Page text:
Interdisciplinary Perspectives on Infectious Diseases

Interdisciplinary Perspectives on Infectious Diseases / 2014 / Article

Research Article | Open Access

Volume 2014 |Article ID 746931 |

Clara María Albani, Guillermo María Denegri, María Celina Elissondo, "Effect of Different Terpene-Containing Essential Oils on the Proliferation of Echinococcus granulosus Larval Cells", Interdisciplinary Perspectives on Infectious Diseases, vol. 2014, Article ID 746931, 7 pages, 2014.

Effect of Different Terpene-Containing Essential Oils on the Proliferation of Echinococcus granulosus Larval Cells

Academic Editor: Mary E. Marquart
Received09 May 2014
Revised01 Sep 2014
Accepted08 Sep 2014
Published28 Sep 2014


Human cystic echinococcosis remains a major public health problem on several countries and the treatment strategies are not solved. The aim of the present work was to determine the in vitro effect of thymol and Mentha piperita, M. pulegium, and Rosmarinus officinalis essential oils on the proliferation of E. granulosus larval cells. Isolated cells and cellular aggregates were obtained from hydatid cyst’s germinal layer and exposed to 1, 5, and 10 μg/ml of thymol and the different essential oils for 7 days. Drug effect was evaluated using test viability and scanning electron microscopy. Control cell culture viability was 2.1 x 106 (100%) after 7 days of incubation. At day 7, thymol 5 μg/ml caused a reduction in cell viability of 63% and the essential oils of M. piperita 10 μg/ml, M. pulegium 10 μg/ml, and R. officinalis 10 μg/ml produced a reduction in the viability of 77, 82, and 71%, respectively. Moreover essential oils caused reduction in cell number, collapsed cells, and loss of normal tridimensional composition of the aggregates. Due to the inhibitory effect caused by essential oils on E. granulosus cells we suggested that it would be an effective means for suppression of larval growth.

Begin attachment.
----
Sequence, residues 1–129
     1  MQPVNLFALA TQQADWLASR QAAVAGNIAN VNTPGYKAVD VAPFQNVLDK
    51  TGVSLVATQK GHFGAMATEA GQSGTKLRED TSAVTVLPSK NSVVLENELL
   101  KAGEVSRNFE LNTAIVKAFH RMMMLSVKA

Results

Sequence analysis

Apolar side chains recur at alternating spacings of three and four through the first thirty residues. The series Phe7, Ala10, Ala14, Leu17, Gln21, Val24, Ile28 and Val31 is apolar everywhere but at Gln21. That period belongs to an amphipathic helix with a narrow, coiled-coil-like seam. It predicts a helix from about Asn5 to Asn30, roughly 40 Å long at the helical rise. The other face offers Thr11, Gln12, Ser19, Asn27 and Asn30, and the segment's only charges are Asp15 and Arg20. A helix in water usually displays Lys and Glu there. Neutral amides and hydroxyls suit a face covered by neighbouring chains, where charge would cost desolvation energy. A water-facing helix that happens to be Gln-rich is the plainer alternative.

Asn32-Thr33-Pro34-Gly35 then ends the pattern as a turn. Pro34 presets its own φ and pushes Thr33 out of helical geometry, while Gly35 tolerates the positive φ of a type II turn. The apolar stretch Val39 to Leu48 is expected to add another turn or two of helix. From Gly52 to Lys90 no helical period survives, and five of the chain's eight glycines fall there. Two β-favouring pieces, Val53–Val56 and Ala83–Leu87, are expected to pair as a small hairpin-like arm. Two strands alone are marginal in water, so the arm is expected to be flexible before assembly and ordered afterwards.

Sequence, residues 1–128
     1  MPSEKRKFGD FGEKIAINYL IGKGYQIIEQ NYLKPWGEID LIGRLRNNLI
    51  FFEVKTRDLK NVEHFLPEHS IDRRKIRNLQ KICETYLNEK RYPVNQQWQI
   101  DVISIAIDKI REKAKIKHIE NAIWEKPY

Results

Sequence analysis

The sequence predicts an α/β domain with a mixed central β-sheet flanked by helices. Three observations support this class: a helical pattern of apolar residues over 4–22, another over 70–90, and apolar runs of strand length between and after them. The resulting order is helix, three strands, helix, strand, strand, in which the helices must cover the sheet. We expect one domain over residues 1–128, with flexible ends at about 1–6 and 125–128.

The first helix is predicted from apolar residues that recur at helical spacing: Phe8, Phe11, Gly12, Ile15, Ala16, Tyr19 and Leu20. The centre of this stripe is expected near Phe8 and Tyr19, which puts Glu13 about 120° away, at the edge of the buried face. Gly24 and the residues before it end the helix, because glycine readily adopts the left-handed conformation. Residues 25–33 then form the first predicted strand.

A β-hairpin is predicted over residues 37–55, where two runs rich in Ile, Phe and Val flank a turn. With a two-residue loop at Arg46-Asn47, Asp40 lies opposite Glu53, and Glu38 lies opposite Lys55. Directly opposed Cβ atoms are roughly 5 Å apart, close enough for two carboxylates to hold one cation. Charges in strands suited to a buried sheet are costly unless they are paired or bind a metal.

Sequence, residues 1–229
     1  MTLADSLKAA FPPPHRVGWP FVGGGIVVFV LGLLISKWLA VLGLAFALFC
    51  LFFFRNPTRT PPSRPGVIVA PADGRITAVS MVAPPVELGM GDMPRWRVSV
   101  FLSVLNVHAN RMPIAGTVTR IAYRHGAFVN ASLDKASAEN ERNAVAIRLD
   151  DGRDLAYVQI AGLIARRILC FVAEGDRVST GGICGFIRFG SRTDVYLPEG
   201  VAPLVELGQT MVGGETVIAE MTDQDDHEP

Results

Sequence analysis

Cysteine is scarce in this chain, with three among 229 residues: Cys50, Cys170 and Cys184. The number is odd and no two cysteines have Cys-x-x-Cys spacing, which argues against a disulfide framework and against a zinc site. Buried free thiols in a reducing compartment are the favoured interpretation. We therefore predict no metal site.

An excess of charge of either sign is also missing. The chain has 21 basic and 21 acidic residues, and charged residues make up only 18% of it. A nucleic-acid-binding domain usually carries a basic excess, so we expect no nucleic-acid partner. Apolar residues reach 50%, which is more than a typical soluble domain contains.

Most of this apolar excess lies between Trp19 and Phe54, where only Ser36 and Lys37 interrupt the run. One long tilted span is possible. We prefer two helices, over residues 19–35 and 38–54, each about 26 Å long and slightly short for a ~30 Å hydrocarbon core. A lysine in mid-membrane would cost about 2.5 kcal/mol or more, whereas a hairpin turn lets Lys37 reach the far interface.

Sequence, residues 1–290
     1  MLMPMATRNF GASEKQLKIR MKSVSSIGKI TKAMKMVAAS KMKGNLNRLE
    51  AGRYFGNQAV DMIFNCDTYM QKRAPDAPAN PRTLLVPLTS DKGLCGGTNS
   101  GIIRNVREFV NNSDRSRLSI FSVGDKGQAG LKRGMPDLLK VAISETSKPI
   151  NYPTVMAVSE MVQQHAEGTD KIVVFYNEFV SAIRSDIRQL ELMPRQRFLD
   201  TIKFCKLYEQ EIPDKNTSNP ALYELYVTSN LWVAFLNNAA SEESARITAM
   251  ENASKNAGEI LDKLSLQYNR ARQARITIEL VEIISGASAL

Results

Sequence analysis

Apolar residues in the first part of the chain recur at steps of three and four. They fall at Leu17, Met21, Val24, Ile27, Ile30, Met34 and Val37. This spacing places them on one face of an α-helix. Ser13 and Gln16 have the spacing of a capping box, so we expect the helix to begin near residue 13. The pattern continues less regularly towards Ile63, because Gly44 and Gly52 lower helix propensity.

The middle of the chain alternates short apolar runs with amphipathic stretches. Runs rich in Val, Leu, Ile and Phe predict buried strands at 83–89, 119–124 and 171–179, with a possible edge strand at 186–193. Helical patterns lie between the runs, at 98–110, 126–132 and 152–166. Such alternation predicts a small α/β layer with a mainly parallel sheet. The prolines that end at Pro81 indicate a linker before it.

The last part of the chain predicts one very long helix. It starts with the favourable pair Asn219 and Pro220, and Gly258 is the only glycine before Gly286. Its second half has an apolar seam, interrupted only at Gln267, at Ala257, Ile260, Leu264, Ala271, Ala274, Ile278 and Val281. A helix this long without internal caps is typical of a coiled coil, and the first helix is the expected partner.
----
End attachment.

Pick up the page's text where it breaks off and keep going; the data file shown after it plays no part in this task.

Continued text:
1. Introduction

Cystic echinococcosis (CE) is a zoonotic disease caused by the larval stage of the parasite Echinococcus granulosus which has a worldwide distribution and important medical and economic impact [1]. Metacestode or hydatid cyst is composed of three layers, an inner germinal layer which contains several cell types including undifferentiated cells, as well as muscle and tegumentary cells. This layer is supported externally by a noncellular laminated layer, which is surrounded by a host-produced adventitial layer [2].

Traditionally, surgery constitutes the most used alternative of CE treatment since it has the potential to remove the cysts and lead to complete cure [3]. However, in the case of inoperable patients or to accompany surgery, chemotherapy results in a better option. To date there is no alternative treatment with 100% efficacy. Therefore, a strong impetus for researchers to develop alternative treatment methods, such as the use of traditional medicinal plants, has recently been promoted [4].